Many Democrats are getting nervous about the upcoming presidential election. Ominous, extensively reported articles by two of the best in the business—the New Yorker's Jeffrey Toobin and The Atlantic's Barton Gellman—outline Boss Trump's plot to keep control of the White House in 2021 no matter how the American people vote.
Trump is hardly making a secret of it. He's pointedly refused to commit to "a peaceful transfer of power."

"Well, we're going to have to see what happens," is how he answered the question. He added that after we "get rid of the ballots"—presumably mail-in ballots he's been whining about for weeks--"there won't be a transfer, frankly. There'll be a continuation."

Of course, Trump himself has always voted by mail, but then brazen hypocrisy is his standard operating mode. If you haven't noticed, he also lies a lot. Without prevaricating, boasting, and bitching, he'd be mute. And even then, he'd still have Twitter. He recently tweeted that the winner "may NEVER BE ACCURATELY DETERMINED" because mail-in ballots make it a "RIGGED ELECTION in waiting."
Gellman gets this part exactly right in The Atlantic: "Let us not hedge about one thing. Donald Trump may win or lose, but he will never concede. Not under any circumstance. Not during the Interregnum and not afterward. If compelled in the end to vacate his office, Trump will insist from exile, as long as he draws breath, that the contest was rigged.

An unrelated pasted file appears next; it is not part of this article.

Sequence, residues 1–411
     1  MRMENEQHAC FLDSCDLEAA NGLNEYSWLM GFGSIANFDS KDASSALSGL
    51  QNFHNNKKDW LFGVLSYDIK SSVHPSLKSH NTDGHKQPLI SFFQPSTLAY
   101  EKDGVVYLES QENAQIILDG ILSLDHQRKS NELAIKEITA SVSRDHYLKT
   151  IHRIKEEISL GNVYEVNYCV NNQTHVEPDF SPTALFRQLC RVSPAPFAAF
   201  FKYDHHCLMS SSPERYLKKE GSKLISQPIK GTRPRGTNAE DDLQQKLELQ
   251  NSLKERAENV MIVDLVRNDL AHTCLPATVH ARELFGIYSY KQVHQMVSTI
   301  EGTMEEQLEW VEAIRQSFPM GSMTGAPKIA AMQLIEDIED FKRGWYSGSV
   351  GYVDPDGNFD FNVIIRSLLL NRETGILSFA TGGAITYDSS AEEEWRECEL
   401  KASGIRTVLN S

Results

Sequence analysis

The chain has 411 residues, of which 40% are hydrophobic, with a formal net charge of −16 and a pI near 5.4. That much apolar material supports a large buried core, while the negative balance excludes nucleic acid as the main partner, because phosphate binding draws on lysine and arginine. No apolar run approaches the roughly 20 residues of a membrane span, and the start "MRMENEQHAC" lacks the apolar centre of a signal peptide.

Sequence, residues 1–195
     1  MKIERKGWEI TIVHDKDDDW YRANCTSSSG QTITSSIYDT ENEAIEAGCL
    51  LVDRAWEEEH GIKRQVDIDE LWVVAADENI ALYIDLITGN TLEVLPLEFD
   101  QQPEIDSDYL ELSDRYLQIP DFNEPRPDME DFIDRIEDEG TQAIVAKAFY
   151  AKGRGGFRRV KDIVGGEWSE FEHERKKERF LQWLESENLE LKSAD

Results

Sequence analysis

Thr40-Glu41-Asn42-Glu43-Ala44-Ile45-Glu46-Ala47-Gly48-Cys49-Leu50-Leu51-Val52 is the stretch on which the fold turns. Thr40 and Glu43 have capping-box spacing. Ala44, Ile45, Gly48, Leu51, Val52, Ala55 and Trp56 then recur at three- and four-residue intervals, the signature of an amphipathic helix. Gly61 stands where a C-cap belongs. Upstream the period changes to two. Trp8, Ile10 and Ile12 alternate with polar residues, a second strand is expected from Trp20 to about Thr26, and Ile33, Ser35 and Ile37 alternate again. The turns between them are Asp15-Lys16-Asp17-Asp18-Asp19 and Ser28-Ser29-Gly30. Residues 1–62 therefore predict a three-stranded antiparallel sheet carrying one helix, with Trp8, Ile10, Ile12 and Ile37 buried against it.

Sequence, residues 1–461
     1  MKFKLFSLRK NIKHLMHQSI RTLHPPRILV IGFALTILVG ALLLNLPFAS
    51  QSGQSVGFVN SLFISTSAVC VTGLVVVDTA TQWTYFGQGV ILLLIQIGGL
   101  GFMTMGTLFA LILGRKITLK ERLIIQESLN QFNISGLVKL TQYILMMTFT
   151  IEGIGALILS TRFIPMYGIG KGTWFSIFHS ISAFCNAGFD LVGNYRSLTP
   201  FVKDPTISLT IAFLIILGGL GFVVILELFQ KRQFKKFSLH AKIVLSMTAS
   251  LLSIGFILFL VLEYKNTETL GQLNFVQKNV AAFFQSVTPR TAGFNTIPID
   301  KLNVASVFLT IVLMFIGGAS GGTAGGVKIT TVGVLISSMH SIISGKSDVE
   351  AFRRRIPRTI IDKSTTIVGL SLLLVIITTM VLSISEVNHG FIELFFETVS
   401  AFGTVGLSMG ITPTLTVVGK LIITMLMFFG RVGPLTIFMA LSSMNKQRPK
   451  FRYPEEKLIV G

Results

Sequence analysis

"Trump's invincible commitment to this stance will be the most important fact about the coming Interregnum. It will deform the proceedings from beginning to end. We have not experienced anything like it before."
No, we haven't. However, it's important to remember that Trump makes threats and promises almost daily that never happen. Remember that gigantic border wall Mexico was going to pay for? Trump has built exactly five miles of the fool thing, leaving roughly two thousand to go.
His brilliant cheaper, better health care plan? Non-existent.
On Labor Day, Boss Trump boasted of his unparalleled success in strong-arming Japan into building new auto-manufacturing plants. "They're being built in Ohio, they're being built in South Carolina, North Carolina, they're being built all over and expanded at a level that we've never seen before."
Not a word of that is true. Two new plants, one German, another Swedish have opened in South Carolina, but construction began before Trump took office. Auto industry investment during Barack Obama's second term far exceeded Trump's. His version is sheer make-believe.
But back to the GOP scheme to steal the election.